One board, one level of difficulty, one exam, no modules. Sounds okay. I wouldn’t have done as well under the same system, but I don’t care, because I was aware that the system I was sitting was bullshit of absolutely no value. I want qualifications that stand for something, that signify hard work and ability, and the current GCSEs just show that kids eventually pick up information if given enough shots at it.
It may also change the way students are educated. I yearn for the day when young people are taught knowledge for the sake of knowledge, because information is power, because learning is glorious and empowering and engaging, not simply to pass an exam. Students are taught to learn by rote and regurgitate information without properly comprehending or understanding the material, and that’s not an education - that’s learning what boxes to tick and what examiners wanna hear. Students need skills of analysis and critical thinking. They need, essentially, to think for themselves. Those are the tools we need to equip future generations with so they have the ability to create and critique rather than fill in boxes.
ACADEMIC TOUGHNESS! RIGOUR! LET’S BRUTALISE THE LITTLE BASTARDS! But let’s also introduce ALTERNATIVE qualifications for those who may not be so academically inclined. GCSEs have great breadth and variation, but this exam will only encompass English, maths, and science. What about those whose intelligence and talents lie elsewhere? Measuring a student’s merit by how well they deal with very limited and specific subjects isn’t a true measure of their ability. What if they’re more creative? More sporty? More musical? More dramatic?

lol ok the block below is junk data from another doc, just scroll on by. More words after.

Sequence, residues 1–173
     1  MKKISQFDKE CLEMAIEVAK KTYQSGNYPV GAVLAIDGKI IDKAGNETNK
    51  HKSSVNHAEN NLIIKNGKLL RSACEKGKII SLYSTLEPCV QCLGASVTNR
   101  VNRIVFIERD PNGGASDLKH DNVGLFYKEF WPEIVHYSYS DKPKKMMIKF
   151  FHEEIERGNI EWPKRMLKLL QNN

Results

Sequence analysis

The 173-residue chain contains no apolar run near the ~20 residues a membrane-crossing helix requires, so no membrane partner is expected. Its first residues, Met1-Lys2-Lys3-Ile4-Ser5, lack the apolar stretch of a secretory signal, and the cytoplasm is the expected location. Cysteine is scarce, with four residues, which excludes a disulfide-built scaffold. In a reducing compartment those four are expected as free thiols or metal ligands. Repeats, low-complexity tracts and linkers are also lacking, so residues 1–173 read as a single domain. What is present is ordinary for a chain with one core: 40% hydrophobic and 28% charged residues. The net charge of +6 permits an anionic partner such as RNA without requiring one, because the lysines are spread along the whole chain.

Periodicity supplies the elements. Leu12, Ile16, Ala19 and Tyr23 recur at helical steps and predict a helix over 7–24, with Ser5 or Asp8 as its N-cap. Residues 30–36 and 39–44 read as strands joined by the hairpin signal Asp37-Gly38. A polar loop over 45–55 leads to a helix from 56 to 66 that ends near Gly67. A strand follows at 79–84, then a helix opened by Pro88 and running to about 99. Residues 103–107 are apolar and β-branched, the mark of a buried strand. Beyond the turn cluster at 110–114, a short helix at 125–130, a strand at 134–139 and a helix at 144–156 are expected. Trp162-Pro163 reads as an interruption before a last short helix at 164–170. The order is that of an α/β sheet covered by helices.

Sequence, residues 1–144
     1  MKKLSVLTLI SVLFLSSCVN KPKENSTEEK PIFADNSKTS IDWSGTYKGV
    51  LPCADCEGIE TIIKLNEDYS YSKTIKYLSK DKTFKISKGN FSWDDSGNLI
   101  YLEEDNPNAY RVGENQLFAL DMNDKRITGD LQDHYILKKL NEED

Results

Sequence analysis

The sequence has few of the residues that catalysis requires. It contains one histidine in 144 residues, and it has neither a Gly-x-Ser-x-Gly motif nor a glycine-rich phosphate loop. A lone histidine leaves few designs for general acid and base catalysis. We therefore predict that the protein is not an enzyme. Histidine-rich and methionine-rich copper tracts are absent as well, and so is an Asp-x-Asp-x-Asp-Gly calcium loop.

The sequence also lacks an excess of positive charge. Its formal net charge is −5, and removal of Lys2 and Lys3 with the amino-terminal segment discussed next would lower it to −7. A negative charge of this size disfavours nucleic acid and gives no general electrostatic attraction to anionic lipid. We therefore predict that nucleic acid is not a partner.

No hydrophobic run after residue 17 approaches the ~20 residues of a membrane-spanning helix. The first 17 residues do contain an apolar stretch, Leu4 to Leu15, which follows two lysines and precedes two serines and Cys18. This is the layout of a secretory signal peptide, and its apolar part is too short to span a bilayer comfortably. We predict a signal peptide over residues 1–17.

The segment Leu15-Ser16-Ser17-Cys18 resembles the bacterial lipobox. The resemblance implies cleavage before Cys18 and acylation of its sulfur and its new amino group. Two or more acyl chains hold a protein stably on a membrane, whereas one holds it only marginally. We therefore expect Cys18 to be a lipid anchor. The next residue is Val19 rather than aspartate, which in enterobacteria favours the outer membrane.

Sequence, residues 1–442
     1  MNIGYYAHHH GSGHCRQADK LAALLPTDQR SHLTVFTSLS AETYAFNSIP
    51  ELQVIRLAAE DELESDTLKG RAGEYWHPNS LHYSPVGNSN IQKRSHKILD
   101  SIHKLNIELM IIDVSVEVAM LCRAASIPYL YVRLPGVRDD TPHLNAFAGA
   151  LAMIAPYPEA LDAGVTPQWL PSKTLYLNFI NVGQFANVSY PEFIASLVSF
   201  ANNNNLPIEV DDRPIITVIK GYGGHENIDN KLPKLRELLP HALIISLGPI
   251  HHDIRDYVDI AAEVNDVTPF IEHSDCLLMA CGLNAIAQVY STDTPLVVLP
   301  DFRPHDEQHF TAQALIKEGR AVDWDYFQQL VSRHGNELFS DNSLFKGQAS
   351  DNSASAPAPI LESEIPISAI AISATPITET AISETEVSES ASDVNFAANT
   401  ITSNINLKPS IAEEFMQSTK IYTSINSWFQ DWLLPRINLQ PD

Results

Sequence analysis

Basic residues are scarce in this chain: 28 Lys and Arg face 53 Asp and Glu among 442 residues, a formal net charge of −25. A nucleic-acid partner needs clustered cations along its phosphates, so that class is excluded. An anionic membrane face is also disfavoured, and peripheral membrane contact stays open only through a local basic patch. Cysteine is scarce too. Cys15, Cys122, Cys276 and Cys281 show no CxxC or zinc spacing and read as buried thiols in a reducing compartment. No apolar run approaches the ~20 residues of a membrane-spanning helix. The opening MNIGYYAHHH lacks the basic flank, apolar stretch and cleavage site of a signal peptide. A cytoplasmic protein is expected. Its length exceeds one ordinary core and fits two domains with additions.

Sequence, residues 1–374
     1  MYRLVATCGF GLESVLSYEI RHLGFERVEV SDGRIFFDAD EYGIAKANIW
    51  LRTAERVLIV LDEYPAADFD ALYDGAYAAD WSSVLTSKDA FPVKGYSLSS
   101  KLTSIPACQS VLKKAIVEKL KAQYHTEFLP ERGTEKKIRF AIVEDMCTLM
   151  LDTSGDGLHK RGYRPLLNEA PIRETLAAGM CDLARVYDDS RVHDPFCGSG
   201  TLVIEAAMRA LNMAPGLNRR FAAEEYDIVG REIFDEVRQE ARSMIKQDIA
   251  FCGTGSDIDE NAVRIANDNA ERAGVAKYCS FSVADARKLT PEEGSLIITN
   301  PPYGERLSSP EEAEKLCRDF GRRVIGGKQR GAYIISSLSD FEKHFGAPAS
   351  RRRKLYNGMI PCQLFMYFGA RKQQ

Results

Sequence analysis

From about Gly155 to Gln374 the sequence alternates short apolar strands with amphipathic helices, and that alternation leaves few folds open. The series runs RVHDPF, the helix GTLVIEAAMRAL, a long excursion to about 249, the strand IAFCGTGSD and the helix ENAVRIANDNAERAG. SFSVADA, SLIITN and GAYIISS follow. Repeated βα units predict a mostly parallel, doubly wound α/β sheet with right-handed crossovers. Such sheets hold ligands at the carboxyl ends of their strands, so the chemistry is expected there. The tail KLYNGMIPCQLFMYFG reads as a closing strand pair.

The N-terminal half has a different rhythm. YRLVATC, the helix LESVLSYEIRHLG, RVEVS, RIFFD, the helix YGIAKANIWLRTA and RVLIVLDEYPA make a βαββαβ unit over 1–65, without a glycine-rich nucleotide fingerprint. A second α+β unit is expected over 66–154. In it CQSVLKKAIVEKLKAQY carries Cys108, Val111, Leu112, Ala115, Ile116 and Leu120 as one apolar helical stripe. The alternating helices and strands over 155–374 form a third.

Furthermore, are atmospheres going to change in schools? Certain beloved subjects act as both a respite and a buffer for students. After slogging through biology and physics and algebra and verbs sometimes a student just wants to do what they love - to paint, or play, or perform. They’re not going to be given these opportunities.
Additionally, these skills aren’t going to be taught to children at an early age. A student’s first proper taste of art, IT, media, sport’s science, etecetera, is going to be at A Level. How are they going to be able to choose subjects at A Level if they’ve never previously experienced them? How are schools going to know which students fit which subjects if they don’t know how those students would perform? What if a student struggles with science, maths, and English, but really excels elsewhere - they’re not going have the grades to represent their abilities, and accordingly won’t be afforded opportunities to further develop their interests. Hell, they won’t be able to identify their interests in the first place!
In conclusion, I think standards need to be kicked up the arse, I think exams need to be harder, I think qualifications need to mean something. But I think the limited subjects represent an archaic idea of what achievement should be, and what intelligence is.